This offering from Lo Scarabeo has been around for a little while now, and features the distinctive artwork of Antonio Lupatelli, designer of the Tarot of the Gnomes. I must admit I think he is probably better at drawing my idea of gnomes than he is fairies.
However this is a charming, and often funny deck. The Sylph, which replaces Art or Temperance in this deck, is an outstandingly beautiful piece of artwork depicting a diaphanous winged fairy pouring sparkling rainbows of light from a pair of pitchers as she floats above the forest bed.
Several of the Majors have been changed to reflect the fairy theme. The Fool becomes the Elf, Justice becomes The Dryad (lovely card that one), Fortune becomes the Oread (spirit of good luck), the Devil converts to The Troll, the Star is the Naiad – a night spirit whose appearance clears cloud from the sky, and finally the World/Universe becomes the Globe.
The detail in these cards is quite outstanding, though the design of the pip cards means that the actual artwork is confined to the bottom half of the card, with the symbols for the suits in the upper section.
All the names of the suits have been changed, in my opinion, somewhat arbitrarily, which is liable to cause confusion to those new to the cards. Pentacles become Bells, Cups become Hearts, Wands are Acorns, and Swords Leaves. The images on the pip cards, whilst delightfully drawn, are also not particularly geared toward evoking traditional interpretation.
For example the explanation of the 10 of Bells refers only loosely to the more regular meanings associated with the 10 of Pentacles. It says “Fairies who receive some properties by inheritance generally present the poorer with part of it. This card foreshadows an inheritance and reminds to divide it with the other”. Since I know what the 10 of Disks traditionally means, I can see this as a reflection of one aspect of the card….however were I a beginner I think I might have some problems with that as my only guide, when looking at the image which shows an older fairies tending to a younger one.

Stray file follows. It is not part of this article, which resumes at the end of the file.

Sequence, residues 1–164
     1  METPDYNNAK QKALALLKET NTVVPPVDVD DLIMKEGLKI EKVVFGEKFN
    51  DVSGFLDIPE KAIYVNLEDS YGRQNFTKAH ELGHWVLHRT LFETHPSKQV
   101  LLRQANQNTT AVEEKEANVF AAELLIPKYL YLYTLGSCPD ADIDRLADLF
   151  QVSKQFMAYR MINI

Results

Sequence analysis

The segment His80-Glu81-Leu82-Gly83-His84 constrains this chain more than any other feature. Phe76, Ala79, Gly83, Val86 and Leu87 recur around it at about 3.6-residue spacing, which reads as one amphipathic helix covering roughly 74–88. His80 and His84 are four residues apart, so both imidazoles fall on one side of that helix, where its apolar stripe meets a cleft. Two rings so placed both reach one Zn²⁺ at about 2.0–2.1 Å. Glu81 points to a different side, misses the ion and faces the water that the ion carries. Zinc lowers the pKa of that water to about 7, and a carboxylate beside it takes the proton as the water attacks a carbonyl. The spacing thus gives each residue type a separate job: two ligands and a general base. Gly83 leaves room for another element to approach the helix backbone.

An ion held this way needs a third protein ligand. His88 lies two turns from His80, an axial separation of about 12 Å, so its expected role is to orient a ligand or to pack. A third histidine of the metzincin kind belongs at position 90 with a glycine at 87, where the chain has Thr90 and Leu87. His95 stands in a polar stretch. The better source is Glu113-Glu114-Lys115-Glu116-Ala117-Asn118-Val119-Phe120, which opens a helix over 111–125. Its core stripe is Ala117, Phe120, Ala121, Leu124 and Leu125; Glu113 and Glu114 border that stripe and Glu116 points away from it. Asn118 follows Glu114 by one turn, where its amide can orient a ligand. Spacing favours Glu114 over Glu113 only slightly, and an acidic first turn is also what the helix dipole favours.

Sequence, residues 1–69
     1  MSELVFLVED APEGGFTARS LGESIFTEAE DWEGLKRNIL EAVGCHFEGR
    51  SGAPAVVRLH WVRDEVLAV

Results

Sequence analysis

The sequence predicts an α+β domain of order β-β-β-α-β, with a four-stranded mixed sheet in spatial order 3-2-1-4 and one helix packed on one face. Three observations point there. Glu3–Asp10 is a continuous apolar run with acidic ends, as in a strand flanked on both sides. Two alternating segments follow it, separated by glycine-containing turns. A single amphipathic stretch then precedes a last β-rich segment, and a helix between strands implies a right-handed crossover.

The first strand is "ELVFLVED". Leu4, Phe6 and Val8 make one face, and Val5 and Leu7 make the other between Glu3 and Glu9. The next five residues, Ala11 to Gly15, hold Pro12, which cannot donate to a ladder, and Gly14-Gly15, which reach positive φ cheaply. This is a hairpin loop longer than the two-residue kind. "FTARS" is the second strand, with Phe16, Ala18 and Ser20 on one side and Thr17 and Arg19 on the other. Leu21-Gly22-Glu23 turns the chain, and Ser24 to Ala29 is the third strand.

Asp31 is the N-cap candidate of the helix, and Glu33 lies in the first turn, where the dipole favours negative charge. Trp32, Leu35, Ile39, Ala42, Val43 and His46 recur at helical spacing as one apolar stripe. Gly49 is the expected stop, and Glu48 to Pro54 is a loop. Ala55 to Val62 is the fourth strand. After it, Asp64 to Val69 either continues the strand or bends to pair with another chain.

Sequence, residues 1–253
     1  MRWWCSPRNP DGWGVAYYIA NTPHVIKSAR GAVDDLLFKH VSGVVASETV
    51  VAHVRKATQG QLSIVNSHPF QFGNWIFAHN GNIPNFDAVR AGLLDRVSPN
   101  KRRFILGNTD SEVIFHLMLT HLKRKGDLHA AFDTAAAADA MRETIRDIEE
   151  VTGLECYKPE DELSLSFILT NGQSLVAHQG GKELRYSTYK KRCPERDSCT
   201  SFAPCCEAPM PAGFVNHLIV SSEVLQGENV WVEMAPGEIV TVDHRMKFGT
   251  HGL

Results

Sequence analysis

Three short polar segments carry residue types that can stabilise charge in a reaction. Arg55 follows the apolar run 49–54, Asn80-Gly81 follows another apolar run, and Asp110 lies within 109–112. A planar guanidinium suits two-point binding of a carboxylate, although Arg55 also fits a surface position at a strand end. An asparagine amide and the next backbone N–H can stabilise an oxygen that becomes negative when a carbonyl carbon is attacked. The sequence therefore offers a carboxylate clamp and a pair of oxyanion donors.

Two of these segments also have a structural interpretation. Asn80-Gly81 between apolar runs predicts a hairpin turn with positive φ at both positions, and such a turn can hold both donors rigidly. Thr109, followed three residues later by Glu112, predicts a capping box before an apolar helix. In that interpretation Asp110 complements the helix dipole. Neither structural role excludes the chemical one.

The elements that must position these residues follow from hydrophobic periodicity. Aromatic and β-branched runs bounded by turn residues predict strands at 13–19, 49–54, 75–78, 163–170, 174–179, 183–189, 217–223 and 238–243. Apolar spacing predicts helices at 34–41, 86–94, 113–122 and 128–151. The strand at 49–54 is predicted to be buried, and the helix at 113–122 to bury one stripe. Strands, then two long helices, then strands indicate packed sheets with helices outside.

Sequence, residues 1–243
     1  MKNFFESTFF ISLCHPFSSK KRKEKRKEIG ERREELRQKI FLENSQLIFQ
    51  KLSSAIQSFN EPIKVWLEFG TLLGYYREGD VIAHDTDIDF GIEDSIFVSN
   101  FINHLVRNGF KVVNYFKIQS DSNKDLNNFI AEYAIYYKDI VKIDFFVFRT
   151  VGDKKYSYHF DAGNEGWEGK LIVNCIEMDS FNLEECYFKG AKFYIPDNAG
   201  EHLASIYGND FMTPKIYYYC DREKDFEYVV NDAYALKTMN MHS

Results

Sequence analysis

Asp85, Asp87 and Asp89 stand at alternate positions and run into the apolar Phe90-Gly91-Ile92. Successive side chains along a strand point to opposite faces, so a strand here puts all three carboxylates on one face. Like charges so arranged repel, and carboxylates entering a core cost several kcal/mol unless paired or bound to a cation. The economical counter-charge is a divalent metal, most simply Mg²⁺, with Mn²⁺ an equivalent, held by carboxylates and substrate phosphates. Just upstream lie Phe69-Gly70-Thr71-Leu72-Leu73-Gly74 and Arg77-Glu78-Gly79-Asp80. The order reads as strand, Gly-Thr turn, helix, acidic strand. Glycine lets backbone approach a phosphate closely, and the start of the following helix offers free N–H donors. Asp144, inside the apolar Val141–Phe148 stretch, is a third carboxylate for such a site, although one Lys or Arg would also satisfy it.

Courts follow the traditional Knave/Knight/Queen/King pattern.
All the usual criticisms must be applied to the booklet accompanying the cards – covering five languages leaves little room for extended explanations. Yet all this said I did notice that the relationship between the divination meanings and the world of fairies did in fact pull out some unusual aspects of interpretation in places.
I liked the deck. It’s charming, a little whimsical and often unexpectedly insightful. I doubt I would read from it, and I definitely would not recommend it for a beginner. This one is more of a collector’s deck, and for those who love the fairy artwork.